“Michael is constantly working on something new and beautiful and he’s done that all through his life,” said Mollie Rich, an adjunct professor of voice in Stetson’s School of Music.

“He inspires his students to follow suit.”


Rich has known Rickman since he was 16 and growing up in Asheville, N.C. – “a very talented young man, even then, beautiful pianist, could read anything you put before him,” she recalled.  She and her husband, Robert Rich, Ph.D., taught in the school of music at Mars Hill College, (now Mars Hill University) outside of Asheville, where Rickman later received his undergraduate degree.

“He played a lot in my voice studio for my voice people to give their senior recitals. It was always a joy to work with him because he was never unprepared – never – always good, right there, Johnny on the spot,” she said.

Rickman graduated from Mars Hill in 1972, the same year her husband joined Stetson’s School of Music as the Director of Choral Activities. Mrs. Rich started teaching at Stetson the following year. (They both retired from Stetson in 2002, although she remains an adjunct.)

Dr. Michael Rickman
Michael Rickman retired after 34 years at Stetson and 41 years as a college professor. Photo/Bobby Fishbough

After Mars Hill, Rickman left for the University of North Texas, where he earned a Master of Music and Doctor of Musical Arts, and began his teaching career.

He was at Southeastern Louisiana University in Hammond in 1983, when Stetson’s then-Dean of the School of Music, Paul Langston, asked Mrs. Rich if she knew a piano professor who was “as proficient at solo performance as ensemble playing,” she remembered.

“And I thought, I know the perfect person who can do that – Michael Rickman.”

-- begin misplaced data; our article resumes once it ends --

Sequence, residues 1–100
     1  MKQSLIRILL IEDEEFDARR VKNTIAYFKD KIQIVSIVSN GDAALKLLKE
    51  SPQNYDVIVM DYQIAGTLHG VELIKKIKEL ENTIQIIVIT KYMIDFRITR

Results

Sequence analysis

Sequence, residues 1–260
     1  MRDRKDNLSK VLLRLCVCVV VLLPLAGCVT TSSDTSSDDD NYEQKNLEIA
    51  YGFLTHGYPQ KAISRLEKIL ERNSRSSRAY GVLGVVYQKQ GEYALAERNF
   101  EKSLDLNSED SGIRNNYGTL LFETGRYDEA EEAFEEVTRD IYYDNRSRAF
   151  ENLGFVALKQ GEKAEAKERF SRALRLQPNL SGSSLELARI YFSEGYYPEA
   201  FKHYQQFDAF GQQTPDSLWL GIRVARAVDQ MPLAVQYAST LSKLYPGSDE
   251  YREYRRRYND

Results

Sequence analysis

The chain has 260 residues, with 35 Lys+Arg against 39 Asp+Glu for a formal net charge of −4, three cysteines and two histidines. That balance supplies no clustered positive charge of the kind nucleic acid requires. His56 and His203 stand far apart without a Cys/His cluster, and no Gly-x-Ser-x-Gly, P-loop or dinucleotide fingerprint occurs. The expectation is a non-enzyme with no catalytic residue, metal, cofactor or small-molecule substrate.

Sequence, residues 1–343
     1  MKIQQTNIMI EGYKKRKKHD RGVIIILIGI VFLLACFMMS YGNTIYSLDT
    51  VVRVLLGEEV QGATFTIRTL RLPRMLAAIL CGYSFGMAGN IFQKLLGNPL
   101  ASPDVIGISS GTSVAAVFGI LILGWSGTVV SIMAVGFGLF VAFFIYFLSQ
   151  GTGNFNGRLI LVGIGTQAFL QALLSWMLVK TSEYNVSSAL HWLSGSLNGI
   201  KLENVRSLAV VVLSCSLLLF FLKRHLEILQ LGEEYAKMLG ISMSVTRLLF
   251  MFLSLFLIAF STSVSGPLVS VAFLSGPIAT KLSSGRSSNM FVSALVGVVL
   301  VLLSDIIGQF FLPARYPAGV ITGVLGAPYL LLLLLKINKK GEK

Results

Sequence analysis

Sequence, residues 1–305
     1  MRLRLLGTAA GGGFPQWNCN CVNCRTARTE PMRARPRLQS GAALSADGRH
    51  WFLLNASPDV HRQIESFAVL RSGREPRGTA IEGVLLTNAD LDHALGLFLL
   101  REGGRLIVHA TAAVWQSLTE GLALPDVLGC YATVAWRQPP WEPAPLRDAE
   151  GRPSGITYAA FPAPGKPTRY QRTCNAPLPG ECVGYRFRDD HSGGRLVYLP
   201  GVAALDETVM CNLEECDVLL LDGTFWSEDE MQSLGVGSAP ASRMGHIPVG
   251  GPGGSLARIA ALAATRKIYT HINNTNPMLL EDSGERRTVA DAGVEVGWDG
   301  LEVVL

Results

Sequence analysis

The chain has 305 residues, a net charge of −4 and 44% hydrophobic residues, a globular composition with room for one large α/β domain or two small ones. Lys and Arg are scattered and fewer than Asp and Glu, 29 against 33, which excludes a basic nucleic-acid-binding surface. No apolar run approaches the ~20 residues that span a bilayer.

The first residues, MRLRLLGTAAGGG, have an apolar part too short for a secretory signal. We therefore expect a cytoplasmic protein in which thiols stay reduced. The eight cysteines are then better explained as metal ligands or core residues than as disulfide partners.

She called, but Rickman was happy in Hammond and didn’t want to leave.

But, as she says, “I was persistent,” eventually convincing him to come just for a look.

Rickman recalled: “After coming over, visiting and meeting some of the professors, I began to realize that both personally and professionally this would be a step up, and I was right! This was a tremendous move for me. I’ve basically spent my entire career here.

“I’ve shared this School of Music and its wonderful programs here with tremendous colleagues, whom I hold in high esteem and who have spent their entire careers here, as well,” he said, listing off fellow professors with 25, 33 and 34 years in the School of Music. Rickman, with 34 years, is the most senior member of the faculty, along with Stephen Robinson, D.M.

“It has been a positive to share that mutual experience with these fine musicians and people,” Rickman said. “What I’ll miss the most is collaborating with my colleagues.”


Rickman has played the piano all his life. “I don’t remember a time when I didn’t play,” he said.

He was raised in a family of musicians, although he was the first to pursue music as a career. His father played also, his grandmother played the organ, and his uncle played trumpet and piano. “Music is in the Rickman DNA,” he said.